The New York Times
In a blog post, New York Times Public Editor Margaret Sullivan takes Times Magazine freelancer Andrew Goldman to the woodshed for a Twitter exchange that showed “hideous misjudgment” on his part. Confronted by author Jennifer Weiner about a question she thought was sexist in an interview Goldman conducted, he insulted her and compared another critic to Stalin before apologizing and deactivating his Twitter account.
Times Magazine Editor Hugo Lindgren tells Sullivan he didn’t find the original question sexist, but told Goldman his Twitter behavior was “needlessly rude and insulting.”
Readers are entitled to whatever opinions they have of his work, and he needs to be comfortable with that and engage thoughtfully when appropriate, or not at all.
Weiner tells Sullivan she’d like to see Goldman do his job better; Sullivan writes: “It sounds as though he’s going to get that chance.”
Given his misbehavior on Twitter and his status as a highly replaceable freelancer, I think his editors are extraordinarily generous to give it to him.
It’s significant that the Times’ public editor is addressing how one of the organization’s writers behaved on Twitter, not in the paper’s pages. A “clear social media policy at The Times may be in order,” Sullivan writes. The Times currently does not have an explicit policy and some there like it that way. This past July, Phil Corbett, The Times’ associate managing editor for standards, told my coworker Jeff Sonderman, “in general our message is that people should be thoughtful.”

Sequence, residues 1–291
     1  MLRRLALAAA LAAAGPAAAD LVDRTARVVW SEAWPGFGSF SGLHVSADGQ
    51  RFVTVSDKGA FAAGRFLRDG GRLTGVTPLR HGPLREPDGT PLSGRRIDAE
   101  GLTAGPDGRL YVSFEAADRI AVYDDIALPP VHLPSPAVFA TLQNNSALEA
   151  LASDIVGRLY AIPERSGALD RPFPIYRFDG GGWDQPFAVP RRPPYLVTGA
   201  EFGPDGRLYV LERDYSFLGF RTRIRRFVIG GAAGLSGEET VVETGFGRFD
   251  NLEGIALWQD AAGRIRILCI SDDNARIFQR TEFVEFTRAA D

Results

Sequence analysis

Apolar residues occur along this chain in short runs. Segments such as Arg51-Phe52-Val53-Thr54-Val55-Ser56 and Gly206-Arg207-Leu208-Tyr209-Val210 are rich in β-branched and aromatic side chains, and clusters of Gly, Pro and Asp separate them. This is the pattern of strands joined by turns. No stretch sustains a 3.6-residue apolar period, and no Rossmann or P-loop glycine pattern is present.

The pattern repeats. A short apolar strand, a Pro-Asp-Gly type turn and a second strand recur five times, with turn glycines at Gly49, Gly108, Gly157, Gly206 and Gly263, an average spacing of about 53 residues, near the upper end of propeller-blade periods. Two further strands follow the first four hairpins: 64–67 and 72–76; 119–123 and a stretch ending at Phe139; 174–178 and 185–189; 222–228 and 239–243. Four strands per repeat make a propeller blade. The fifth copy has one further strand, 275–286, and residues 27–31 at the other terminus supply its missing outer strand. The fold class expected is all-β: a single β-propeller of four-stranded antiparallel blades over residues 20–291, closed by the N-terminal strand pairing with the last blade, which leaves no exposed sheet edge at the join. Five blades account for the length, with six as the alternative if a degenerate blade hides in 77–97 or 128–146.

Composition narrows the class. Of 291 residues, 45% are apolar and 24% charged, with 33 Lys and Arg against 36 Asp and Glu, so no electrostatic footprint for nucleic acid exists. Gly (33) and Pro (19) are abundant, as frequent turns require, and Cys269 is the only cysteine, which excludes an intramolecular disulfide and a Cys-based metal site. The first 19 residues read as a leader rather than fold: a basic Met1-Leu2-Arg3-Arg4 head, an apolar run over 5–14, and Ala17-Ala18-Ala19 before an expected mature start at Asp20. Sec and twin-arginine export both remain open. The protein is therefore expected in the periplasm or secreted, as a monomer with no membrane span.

Even on Twitter, “we expect New York Times journalists to act like New York Times journalists,” Times spokesperson Eileen Murphy told The New York Observer today.
On Twitter — which will disappoint me if it does not produce many “highly replaceable” jokes Thursday — Sullivan’s strong words for Goldman were mostly applauded, though CUNY professor Jeff Jarvis pushed back against her disapproval of profanity, and Gawker reporter John Cook said Goldman’s apology reset the scoreboard.
Goldman, who Sullivan did not contact, told Capital New York, “For once in my life, I think it’s best to keep my mouth shut.”
Among the women who responded (those I found, anyway) Sullivan got raves. That’s a strong validation of The Times’ decision to finally put a woman in the job — some of Sullivan’s critiques of the paper are freighted with experiences few men will ever have, and that’s connecting with readers.
— Farhad Manjoo (@fmanjoo) October 11, 2012
Hey, @jeffjarvis.Within reasonable guidelines.No blatant misogyny, no raging racism, that kind of thing, don’t you think?
— Margaret Sullivan (@Sulliview) October 11, 2012
@sulliview I certainly get your point. Pushing the limits.
— Jeff Jarvis (@jeffjarvis) October 11, 2012
— Sarah Weinman (@sarahw) October 11, 2012
— maura johnston (@maura) October 11, 2012
— Helen Walters (@HelenWalters) October 11, 2012
— John Cook (@johnjcook) October 11, 2012
— Jennifer Weiner (@jenniferweiner) October 11, 2012